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Telling Your Brand's Story

Telling Your Brand's Story

A long time ago in a galaxy far, far away…

It’s how Jonathan Opp started off New Kind’s The Power of Story workshop at the CAM. Meredith Colyer and I were fortunate enough to attend this incredible event and learn to better tell the stories of our clients and O3.

It’s also a simple line that’s universally understood across languages, continents, colors and generations that perfectly sets the scene for one of the greatest stories ever told. Why is this line so important? It provides the setting that’s necessary to preface the wild story about to be told.

The setting is one of the five components of a good story.

  1. Setting – You have to give the audience basic details of the world they’re about to enter.
  2. Characters – Any story is about people, Jedis or not.
  3. Conflict – What’s the overwhelming challenge that the hero or main character faces?
  4. Emotion – The connection that draws us in and keeps us engaged. It can stress us out, make us happy or pull on the heartstrings.
  5. Journey – The character has to go from point A to point B. It can be physically, mentally or emotionally.

If you could tell your organization’s story, what would these five elements look like? Who would the characters be? What is the journey you’re on? These questions shouldn’t be too difficult to answer. It’s not revolutionary advice, but how often do you really break down the story and think about them when you’re talking about your organization?

Hero and Mentor

In most good stories, there’s a hero and a mentor. The hero is usually the main character. Think Luke Skywalker. They have to go through trials and tribulations throughout the journey to get to their end destination. The mentor is the person or entity that helps the hero through their journey and gives them the keys to succeed along the way. Think Obi Wan Kenobi. Most of the time, the mentor is most effective when they act as a mirror for the hero by providing the hero advice that allows them to find the answers they’re searching for within themselves.

When you get the chance, cast your clients, customers and community members as the heroes. Act as the mentor. Hold the mirror to them and help in any way you can.

Brands are Personalities

Brands are much more than just a logo and people are much more apt to engage with a brand that has personality and clearly expresses the values of the organization. Readers should be able to pick up on tone and voice traits that give an inanimate object life.

At O3, we ask a variety of questions to figure out the voice of the client during our Social Voice exercise. We figure out what the brand says, doesn’t say, words that describe it and even things like if the brand uses GIFs or not. These questions lead us to the voice that best reflects the brand. So, if your brand could be represented by a single person who would it be? Who is the muse?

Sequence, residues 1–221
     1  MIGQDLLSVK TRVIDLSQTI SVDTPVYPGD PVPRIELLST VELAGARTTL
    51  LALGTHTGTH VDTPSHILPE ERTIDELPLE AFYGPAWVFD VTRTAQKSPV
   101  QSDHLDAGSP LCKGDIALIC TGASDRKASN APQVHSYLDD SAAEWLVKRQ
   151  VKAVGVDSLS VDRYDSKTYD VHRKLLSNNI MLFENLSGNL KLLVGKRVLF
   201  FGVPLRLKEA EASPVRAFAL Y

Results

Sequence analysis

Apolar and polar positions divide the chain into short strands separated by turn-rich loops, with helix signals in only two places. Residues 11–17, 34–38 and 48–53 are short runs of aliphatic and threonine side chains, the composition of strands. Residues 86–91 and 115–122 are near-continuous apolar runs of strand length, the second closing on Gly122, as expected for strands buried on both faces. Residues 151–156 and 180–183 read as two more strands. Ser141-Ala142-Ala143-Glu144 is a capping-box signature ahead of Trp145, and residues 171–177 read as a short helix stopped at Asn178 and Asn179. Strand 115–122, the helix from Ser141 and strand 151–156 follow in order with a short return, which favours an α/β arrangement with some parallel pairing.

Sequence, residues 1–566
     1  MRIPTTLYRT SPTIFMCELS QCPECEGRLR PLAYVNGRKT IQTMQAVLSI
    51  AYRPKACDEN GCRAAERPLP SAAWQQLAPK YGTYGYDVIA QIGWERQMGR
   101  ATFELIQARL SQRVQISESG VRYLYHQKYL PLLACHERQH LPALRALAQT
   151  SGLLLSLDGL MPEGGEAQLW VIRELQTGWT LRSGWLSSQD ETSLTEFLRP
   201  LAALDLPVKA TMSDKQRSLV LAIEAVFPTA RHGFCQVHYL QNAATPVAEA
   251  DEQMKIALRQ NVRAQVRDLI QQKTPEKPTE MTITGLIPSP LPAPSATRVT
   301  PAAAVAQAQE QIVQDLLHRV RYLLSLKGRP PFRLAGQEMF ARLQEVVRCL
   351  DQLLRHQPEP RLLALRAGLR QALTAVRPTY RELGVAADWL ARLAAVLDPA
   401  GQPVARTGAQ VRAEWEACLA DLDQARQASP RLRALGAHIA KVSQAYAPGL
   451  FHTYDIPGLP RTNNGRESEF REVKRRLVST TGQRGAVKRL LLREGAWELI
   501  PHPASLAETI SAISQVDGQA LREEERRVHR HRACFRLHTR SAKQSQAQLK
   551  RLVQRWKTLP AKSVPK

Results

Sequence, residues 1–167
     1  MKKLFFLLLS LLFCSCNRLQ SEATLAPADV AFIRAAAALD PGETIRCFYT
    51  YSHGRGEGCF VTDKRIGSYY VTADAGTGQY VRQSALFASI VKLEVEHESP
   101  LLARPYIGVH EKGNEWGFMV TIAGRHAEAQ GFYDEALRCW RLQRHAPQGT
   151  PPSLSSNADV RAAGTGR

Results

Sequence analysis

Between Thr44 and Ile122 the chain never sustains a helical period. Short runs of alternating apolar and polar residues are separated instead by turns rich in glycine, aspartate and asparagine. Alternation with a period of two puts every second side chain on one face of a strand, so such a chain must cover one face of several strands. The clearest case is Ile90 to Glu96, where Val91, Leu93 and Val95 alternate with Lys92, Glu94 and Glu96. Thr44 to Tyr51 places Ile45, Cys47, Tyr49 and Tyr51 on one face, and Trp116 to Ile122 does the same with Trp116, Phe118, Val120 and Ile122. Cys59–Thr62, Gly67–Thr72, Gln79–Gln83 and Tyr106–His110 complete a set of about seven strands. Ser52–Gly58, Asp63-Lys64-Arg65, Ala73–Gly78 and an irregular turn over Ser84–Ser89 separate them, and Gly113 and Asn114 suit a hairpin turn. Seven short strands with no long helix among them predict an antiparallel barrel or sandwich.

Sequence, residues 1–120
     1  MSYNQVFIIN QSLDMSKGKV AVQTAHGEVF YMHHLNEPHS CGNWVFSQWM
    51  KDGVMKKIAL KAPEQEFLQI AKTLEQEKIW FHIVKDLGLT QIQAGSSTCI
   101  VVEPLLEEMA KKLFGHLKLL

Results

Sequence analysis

I used myself and my personal brand as an example during our workshop. I think an honest reflection of myself would be Ted Mosby, architect, from How I Met Your Mother. You can only draw very loose connections to the architect title. I guess I’m an architect of words?

Ted How I Met Your Mother gif

Ted Mosby and I share these characteristics. We’re hard working, loyal, have a tight-knit friend group, empathetic, somewhat impulsive, witty, have a tendency to laugh at our own jokes, we’re hopelessly optimistic and have a quick rebound rate after getting knocked down.

It’s important to identify a spokesperson that encompasses your team’s voice, tone, values and morals so that everyone can buy in. It’s not enough to say, “Our company is fun and passionate about what we do.” That description is so vague and generalized, and could fit thousands of other companies. Talking out all the similarities and focusing on the differences allows everyone on your team to fully understand your company’s voice and how it should appear to the outside world.

Stories can be Powerful

Good stories are memorable, they teach us lessons, and convey emotion and feeling. A good story makes information easier to retain. Instead of just providing facts, give people fascinating details to help them remember the important aspects of your story.

Telling a good story ensures that it will be told again, which is essential. By providing personality, depth and engaging content, the story will be shared and redistributed. 

Stories don’t have to be long, either. The more simplified, the better, especially with our decreasing attention spans. A good story can turn critics into participants. Let them see your personality and let the engaging begin.

So, what’s your story?

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